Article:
Assam Police’s Initiative To Curb Suicides In The City

Assam Police’s Initiative To Curb Suicides In The City

Soumyadeep Das

Worried about the rising cases of suicide in the city, the Assam Police is mulling over how to curb the cases of self-harm in the city.

With the recent incident of a schoolgirl, who in an attempt to end her life, leaped off the school building in Guwahati in Assam, talks of mental well-being have again sought attention. The girl, who was in a critical condition, had very little chances of survival, according to doctors attending her. The case has again highlighted the very delicate issue of mental health and the need to encourage the habit of seeking help.

Worried about the rising cases of suicide in the city, the Assam Police is mulling over how to curb the cases of self-harm in the city.

In a bid to put a stop to the rising cases of suicide cases of suicides, the police have come into association with various organizations in the city. Calling for total support from the media and various Non-Governmental Organisations (NGOs) in Assam, they said that a helpline number is also in talks and will reportedly be released soon.

In a commendable undertaking by the police, parents will be able to take free-of-charge consultations whenever required. They have also urged family members to closely monitor their children's mental state. They further asked parents to consult whenever they notice any unusual behaviour in their children.

According to official data released by the Police Commissionerate, a total of 373 suicide cases were registered in various police stations of the city from January 1 to December 20, 2021, under the three police districts – Central Police District (CPD), East Police District (EPD), and West Police District (WPD).

Notably, a total of 79 cases, the most, were registered at Fatasil Ambari Police Station under the WPD, while the All Women Police Station under CPD did not register a single case of suicide.

The Police Stations in Assam's Guwhati that registered the most cases of suicide were Dispur PS (42), Azara PS (33), Noonmati PS (26), Paltan Bazar PS, and Jalukbari PS (25 each), and Satgaon PS and Hatigaon PS (20 each).

Meanwhile, only a handful, seven in total, of Police Stations in Assam's Guwahati registered cases of death by suicide which were in single digits, highlighting how deep-rooted the problem was.

The numbers go on to show the need for more talk on the matter. As social media and its use have increased over time among youth, there has been a consequent increase in cases of suicides. People often portray things in an extravagant manner on social media, which may not be true in real life.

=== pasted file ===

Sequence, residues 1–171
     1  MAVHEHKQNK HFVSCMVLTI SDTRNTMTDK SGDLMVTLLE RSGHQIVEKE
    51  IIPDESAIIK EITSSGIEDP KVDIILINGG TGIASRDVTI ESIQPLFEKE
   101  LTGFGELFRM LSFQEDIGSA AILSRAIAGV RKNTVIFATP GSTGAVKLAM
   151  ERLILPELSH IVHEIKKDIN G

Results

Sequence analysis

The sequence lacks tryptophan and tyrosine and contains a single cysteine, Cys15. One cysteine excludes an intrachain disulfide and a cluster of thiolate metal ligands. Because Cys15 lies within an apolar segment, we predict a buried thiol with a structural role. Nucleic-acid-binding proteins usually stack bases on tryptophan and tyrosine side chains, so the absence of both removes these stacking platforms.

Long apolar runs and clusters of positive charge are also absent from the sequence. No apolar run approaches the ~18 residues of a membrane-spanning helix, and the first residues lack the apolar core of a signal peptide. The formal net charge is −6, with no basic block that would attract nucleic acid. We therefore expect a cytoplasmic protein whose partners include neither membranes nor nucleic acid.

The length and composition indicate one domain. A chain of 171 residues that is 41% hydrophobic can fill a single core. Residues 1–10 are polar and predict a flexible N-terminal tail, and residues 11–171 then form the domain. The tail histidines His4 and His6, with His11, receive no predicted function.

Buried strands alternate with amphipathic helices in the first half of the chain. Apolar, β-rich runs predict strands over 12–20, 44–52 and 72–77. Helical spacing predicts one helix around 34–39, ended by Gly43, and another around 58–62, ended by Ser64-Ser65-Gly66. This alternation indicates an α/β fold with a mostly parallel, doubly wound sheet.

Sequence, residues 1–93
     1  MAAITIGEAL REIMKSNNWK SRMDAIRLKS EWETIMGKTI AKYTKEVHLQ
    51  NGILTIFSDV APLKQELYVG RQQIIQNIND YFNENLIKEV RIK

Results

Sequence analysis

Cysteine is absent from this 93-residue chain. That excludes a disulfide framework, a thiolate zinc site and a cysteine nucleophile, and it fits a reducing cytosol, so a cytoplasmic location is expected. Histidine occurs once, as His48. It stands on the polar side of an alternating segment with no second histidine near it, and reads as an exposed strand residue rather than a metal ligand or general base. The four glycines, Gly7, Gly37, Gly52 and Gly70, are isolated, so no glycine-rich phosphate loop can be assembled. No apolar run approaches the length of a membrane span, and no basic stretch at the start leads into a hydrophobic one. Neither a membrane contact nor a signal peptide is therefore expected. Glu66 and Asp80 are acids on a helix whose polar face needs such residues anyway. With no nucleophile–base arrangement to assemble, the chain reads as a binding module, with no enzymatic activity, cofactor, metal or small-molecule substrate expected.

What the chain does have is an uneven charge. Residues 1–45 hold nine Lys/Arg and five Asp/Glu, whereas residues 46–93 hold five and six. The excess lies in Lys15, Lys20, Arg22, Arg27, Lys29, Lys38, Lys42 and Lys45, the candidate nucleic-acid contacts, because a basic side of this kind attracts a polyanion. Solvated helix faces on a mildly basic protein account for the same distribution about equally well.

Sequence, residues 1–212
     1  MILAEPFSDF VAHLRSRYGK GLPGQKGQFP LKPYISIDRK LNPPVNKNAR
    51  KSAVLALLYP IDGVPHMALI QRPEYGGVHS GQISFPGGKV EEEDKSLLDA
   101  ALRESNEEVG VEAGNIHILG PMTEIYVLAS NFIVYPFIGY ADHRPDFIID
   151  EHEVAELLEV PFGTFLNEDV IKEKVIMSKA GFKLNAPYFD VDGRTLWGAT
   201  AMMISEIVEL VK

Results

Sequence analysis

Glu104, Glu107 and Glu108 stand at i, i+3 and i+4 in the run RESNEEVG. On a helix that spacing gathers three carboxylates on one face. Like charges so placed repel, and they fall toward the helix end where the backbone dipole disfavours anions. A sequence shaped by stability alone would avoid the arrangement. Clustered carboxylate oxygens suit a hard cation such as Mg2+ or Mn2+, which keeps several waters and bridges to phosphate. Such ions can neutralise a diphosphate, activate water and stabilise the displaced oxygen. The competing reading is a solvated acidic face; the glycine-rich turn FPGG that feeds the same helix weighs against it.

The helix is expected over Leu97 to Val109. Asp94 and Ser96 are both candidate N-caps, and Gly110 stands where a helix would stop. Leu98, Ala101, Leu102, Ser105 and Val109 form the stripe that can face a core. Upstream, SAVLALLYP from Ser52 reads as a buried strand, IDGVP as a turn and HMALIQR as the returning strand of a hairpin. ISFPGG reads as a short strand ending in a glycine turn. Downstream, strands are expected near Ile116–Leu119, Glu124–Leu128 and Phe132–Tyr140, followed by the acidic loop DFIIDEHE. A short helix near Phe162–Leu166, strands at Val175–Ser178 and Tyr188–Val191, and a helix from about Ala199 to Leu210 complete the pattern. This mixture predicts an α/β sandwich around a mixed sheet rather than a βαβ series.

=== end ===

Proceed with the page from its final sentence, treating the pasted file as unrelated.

The impact it has on children is immeasurable, especially as content on social media is largely unregulated, and algorithms work in a way to show the type of content that a user generally views. This sometimes leads to disturbing content put in front of a user who may not yet have the mental maturity to comprehend such content.

What it does is create a nonexistent world or set unreal expectations for children who have not matured enough yet. The pressure to be something that someone is not, in order to fit into society is sometimes too much for a young adult to deal with.

Even after so many deaths due to suicide in Assam, it is alarming how jibes like "mental health and depression are a myth" revolve around society. They need to understand that people suffer from the inside due to various reasons which may include trauma at a young age, or the aforementioned 'fear of missing out', is the need of the hour.

Depression and other mental health issues have always been there. Earlier, they were clubbed under the umbrella term 'madness'; unimaginable, but true. The sheer negligence to acknowledge that people may be suffering from the inside has been a major reason behind so many deaths by suicide.

Hence, it is high time we start talking and accepting that not everyone is as jolly and merry as they may seem on the outside. The need to connect more with loved ones in order to just sit down and listen to their problems, goes a long way.

In times of a pandemic that has gripped the whole world, it is very easy to lose hope. But all one needs is a beacon of light in the darkness, a hand reaching out, an assurance that someone is there for them. Gestures that may seem little but go a long way in saving a loved one's life.

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